Global cab aggregator Uber is bringing into effect changes in its functioning to suit the Indian market. If they find this working smoothly here, these may be rolled out universally.
There are four different improvisations being made, all customer-centric. The first one is targeted at the customers who wish to take an Uber ride but their entry level smartphone may not have the storage needed to download and run the app. For them, the company has launched a web-based app. This will enable the customers through devices other than smartphones or use their data to use the browser on the phone to call a cab.
The second provision is the call to ride feature. This is like a throwback to the good old days when the call-taxis began their operations in India and one made a phone call to book a ride. This is meant to help those without a smartphone and therefore an access to the web. There will be an offline feature, where prominent locations can be tagged and the Uber driver will be able to be tagged on and the cab bookings taken. This is now being run only on a pilot scale in the city of Pune and its suburbs. And the passengers have to make payments only in cash.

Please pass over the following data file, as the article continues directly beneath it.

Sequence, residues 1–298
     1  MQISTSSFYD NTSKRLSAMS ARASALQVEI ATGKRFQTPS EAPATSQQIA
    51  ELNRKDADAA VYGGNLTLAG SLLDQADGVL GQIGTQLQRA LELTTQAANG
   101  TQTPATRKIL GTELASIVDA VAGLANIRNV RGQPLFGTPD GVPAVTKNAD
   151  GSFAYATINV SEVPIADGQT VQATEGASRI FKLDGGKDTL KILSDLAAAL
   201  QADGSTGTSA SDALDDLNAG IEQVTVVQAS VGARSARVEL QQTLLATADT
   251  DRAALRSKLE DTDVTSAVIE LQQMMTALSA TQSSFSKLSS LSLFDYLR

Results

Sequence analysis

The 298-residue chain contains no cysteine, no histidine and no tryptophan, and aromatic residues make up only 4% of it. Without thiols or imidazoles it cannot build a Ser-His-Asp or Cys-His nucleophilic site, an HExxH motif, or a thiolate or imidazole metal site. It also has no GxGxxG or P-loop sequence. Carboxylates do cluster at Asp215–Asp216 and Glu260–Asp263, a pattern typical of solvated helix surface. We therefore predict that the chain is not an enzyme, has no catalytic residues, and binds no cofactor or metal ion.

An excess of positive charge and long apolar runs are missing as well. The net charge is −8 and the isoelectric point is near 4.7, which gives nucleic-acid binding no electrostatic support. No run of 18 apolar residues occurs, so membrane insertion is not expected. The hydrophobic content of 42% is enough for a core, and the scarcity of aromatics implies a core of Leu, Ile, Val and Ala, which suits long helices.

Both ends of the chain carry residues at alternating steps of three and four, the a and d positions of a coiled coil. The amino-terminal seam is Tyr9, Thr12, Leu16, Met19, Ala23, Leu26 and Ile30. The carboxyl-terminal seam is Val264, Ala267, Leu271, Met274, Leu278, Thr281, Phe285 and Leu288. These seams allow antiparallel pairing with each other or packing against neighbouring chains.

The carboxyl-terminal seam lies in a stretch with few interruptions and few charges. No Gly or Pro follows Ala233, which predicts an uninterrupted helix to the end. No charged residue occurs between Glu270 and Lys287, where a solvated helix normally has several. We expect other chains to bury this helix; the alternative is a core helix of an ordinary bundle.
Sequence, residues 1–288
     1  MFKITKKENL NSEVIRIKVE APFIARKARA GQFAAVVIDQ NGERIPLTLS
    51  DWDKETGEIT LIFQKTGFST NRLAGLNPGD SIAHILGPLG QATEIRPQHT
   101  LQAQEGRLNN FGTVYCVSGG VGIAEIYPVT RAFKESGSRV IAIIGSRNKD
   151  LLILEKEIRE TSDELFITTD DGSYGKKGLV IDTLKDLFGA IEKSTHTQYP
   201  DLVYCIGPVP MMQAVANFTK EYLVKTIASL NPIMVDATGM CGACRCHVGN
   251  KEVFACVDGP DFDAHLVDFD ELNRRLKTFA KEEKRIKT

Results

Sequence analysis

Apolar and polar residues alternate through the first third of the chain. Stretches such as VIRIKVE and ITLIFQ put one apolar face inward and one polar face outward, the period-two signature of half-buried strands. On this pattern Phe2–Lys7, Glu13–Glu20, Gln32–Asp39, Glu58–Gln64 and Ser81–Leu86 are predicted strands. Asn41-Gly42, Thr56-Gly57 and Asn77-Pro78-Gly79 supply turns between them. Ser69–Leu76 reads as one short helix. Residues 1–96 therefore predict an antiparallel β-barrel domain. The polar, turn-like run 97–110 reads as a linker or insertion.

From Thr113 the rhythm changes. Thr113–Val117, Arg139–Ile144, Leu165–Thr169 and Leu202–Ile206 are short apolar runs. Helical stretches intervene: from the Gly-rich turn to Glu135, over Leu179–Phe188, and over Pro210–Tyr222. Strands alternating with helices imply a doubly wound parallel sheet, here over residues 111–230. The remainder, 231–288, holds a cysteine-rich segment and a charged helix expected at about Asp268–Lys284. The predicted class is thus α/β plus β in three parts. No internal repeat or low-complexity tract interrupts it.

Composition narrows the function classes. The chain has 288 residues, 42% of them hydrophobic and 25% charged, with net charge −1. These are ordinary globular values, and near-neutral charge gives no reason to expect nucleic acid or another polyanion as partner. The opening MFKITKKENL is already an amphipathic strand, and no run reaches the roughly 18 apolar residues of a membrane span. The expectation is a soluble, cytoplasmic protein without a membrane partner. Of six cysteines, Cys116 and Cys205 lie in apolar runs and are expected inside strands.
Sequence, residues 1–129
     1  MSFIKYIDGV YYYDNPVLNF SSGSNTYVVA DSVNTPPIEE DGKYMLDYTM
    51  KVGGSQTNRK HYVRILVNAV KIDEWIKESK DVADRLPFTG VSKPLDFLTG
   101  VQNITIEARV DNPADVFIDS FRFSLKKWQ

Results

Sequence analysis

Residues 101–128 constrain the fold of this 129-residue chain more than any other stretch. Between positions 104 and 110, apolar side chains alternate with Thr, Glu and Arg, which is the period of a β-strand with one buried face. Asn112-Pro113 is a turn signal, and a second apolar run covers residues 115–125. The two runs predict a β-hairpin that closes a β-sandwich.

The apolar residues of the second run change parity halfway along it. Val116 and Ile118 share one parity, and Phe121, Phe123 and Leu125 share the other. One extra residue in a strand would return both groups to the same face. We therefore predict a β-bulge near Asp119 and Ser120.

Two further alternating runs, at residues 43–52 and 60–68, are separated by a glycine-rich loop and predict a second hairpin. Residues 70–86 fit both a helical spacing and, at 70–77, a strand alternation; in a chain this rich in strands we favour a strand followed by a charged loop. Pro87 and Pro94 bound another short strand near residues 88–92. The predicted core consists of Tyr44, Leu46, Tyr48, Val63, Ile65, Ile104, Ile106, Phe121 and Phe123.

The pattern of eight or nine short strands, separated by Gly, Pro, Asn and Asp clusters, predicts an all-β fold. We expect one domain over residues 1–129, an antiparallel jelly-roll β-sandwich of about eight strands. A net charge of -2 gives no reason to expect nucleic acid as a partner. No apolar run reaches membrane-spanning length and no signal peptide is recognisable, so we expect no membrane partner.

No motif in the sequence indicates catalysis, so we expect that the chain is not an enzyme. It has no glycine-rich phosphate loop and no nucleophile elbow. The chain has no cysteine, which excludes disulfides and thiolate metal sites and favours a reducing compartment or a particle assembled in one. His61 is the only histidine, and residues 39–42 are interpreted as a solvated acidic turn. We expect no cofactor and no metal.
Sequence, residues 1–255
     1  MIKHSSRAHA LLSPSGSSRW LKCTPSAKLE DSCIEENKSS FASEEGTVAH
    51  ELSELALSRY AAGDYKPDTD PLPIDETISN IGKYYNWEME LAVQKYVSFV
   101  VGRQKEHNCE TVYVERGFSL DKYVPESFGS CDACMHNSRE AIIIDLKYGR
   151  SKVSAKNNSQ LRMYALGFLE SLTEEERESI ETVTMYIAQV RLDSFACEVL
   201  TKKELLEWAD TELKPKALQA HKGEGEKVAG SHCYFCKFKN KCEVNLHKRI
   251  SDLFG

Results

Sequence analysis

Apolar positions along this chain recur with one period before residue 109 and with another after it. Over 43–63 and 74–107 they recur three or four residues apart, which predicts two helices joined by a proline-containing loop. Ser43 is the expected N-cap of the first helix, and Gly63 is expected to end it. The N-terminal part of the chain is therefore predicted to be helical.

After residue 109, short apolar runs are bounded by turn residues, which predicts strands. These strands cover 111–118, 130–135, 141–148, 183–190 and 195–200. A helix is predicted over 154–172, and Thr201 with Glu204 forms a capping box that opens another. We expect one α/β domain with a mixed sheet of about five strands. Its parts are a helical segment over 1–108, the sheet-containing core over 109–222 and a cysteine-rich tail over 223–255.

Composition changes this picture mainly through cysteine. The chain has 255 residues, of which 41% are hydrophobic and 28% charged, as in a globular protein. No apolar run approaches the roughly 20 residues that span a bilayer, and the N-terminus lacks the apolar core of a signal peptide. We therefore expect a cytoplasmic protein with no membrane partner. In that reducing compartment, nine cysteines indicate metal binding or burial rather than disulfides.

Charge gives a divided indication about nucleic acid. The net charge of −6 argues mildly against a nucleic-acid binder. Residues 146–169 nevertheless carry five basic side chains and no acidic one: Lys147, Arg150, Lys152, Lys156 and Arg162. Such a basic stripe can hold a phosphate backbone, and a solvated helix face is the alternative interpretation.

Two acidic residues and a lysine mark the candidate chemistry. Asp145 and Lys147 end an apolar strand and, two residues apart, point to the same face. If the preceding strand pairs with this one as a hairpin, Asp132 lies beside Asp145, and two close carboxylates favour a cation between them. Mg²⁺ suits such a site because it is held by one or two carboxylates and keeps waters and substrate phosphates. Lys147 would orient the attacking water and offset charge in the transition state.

With the third one, Uber is trying to find out if it can still offer the service where the customers have an issue of poor internet connectivity. This will involve having an off-line list of popular destinations within a city and once entered on the app, the app will understand that the customer has a connectivity issue and adjust accordingly. This change is still to be rolled out and can be expected to be available in the coming weeks.
The last one relates to request a ride for a guest. This is already being offered by some of Uberâ€™s rivals in India. Typically, the Uber subscriber is at one place and can order a ride for a family member or a guest at another location. The intimation to the passenger will be provided through text messaging to inform the arrival of the pickup.